Tea Break: Would you like a spot of tea? [Infographic]

I love tea. Tea for me all day, every day. I probably have about 6 cups of tea a day. It varies on the time of the year. More in Autumn/Winter, slightly less in Spring/Summer. It has been an obsession for many for thousands of years. Discovered in Ancient China, the art of making the perfect cup of tea continues to be debated to this day. Even the great George Orwell chimed in with his own tea wisdom, in a detailed essay instructing the masses on how to prepare a proper cup of tea. Some people love it with a splash or milk, two sugars or just black. The health benefits alone are reason enough to break out the mugs. Increased metabolism rates, cancer fighting antioxidants, and better moods have all been associated with this world-renowned beverage.

In fact there are actually 4 main types of different teas: 

Black Teas

Black teas get their characteristic flavour and colour from a natural oxidation process, which follows initial drying and rolling of the leaves after they have been picked. Tea Palace offers a wide range of single estate black teas including world famous AssamsDarjeelings and Ceylons and a range of bespoke Black Blends.

Green Teas:

Green tea is made from unoxidized leaves which are simply heated after picking to destroy the enzymes that cause oxidation. They are then rolled to release their flavour. Green teas are sweet and contain many of the vitamins and antioxidant properties of the fresh green tea leaf, making them highly regarded as a healthy, fragrant and delicious drink.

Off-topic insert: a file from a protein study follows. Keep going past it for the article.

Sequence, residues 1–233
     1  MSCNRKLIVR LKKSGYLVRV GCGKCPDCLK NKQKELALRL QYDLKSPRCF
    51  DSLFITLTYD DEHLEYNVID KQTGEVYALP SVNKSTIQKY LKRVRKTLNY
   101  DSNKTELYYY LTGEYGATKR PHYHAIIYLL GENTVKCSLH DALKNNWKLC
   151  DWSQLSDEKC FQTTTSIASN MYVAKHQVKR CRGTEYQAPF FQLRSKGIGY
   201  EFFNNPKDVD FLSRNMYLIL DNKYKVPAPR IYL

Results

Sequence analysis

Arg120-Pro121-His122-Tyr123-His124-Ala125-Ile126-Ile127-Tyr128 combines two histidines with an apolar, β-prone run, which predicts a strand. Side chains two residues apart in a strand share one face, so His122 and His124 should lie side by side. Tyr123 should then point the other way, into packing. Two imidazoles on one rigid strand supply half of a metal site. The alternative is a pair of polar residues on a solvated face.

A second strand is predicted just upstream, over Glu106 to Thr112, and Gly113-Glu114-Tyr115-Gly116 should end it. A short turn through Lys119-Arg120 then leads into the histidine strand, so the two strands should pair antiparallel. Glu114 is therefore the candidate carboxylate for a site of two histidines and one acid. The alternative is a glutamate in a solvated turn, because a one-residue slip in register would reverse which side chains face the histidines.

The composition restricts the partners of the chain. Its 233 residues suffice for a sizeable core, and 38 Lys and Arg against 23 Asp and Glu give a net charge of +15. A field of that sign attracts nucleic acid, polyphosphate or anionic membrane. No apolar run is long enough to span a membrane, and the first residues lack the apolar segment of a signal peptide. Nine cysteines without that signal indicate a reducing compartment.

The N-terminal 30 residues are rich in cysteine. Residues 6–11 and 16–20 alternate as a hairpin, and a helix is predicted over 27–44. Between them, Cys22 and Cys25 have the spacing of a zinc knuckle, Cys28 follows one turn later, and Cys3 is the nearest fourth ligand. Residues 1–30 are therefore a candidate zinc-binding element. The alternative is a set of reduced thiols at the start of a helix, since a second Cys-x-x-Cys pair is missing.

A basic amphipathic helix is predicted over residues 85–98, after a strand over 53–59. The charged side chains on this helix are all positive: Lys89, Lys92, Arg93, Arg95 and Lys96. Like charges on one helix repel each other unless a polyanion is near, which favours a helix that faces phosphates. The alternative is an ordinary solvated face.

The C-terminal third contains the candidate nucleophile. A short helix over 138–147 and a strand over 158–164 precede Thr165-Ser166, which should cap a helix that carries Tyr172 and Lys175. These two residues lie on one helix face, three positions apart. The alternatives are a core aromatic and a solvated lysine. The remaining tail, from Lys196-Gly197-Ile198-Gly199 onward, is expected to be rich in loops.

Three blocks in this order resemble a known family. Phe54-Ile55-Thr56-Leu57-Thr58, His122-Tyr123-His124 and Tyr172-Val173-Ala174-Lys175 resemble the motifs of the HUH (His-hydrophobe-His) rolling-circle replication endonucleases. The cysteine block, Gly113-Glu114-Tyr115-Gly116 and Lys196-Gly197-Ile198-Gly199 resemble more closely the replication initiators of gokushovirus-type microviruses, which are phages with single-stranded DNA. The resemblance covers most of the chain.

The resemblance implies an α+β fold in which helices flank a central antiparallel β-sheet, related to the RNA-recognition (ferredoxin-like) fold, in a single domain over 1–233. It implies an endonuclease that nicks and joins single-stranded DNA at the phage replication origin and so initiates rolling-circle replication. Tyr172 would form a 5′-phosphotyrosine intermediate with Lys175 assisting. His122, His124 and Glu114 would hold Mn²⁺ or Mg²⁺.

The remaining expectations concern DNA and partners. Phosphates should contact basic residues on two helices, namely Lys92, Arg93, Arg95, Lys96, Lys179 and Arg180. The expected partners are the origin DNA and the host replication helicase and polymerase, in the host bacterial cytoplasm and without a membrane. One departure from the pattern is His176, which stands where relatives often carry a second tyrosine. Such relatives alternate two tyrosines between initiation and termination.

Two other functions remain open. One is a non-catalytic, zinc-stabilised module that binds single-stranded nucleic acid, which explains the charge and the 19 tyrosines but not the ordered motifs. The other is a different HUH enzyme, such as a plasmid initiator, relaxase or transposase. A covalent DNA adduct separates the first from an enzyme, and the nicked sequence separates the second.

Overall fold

Oolong Teas:

Oolong, meaning Black Dragon, is usually from China and Taiwan (often called Formosa, its old Portuguese name). It is a semi-fermented tea, a cross between green and black teas, which is widely prized for its digestive benefits. Tea Palace offers a range of the finest oolong teas from both China and Taiwan, includingIron Goddess of Mercy (Ti Kuan Yin) and the highest grades of Formosa Oolong teas.

White Teas:

White tea is the world’s rarest tea as it can only be picked for a few weeks in any one year. Authentic white tea is only grown in the Fujian province in China where the exact method of processing is kept secret. What we do know is that white tea is made from a specific tea plant variety, as well as a particular processing method which raises small silvery hairs on the leaves and buds. White tea has seen a recent increase in popularity and has well-documented antioxidant and detoxifying benefits.

All of the above teas are great for keeping you in shape for your working day too. So when you’re next reaching for that cup of coffee, think if a good cuppa can put you right on the ladder where you want to be.

This great infographic gives you a little of everything about the benefits of drinking tea:

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3 thoughts on “Tea Break: Would you like a spot of tea? [Infographic]

  1. White tea comes from the buds and leaves of the Chinese Camellia sinensis plant. The leaves and buds are allowed to wither in natural sunlight before they are lightly processed to prevent oxidation or further tea processing.

    The name “white tea” derives from the fine silvery-white hairs on the unopened buds of the tea plant, which gives the plant a whitish appearance.[2] The beverage itself is not white or colourless but pale yellow.

    There’s nothing secret about it.

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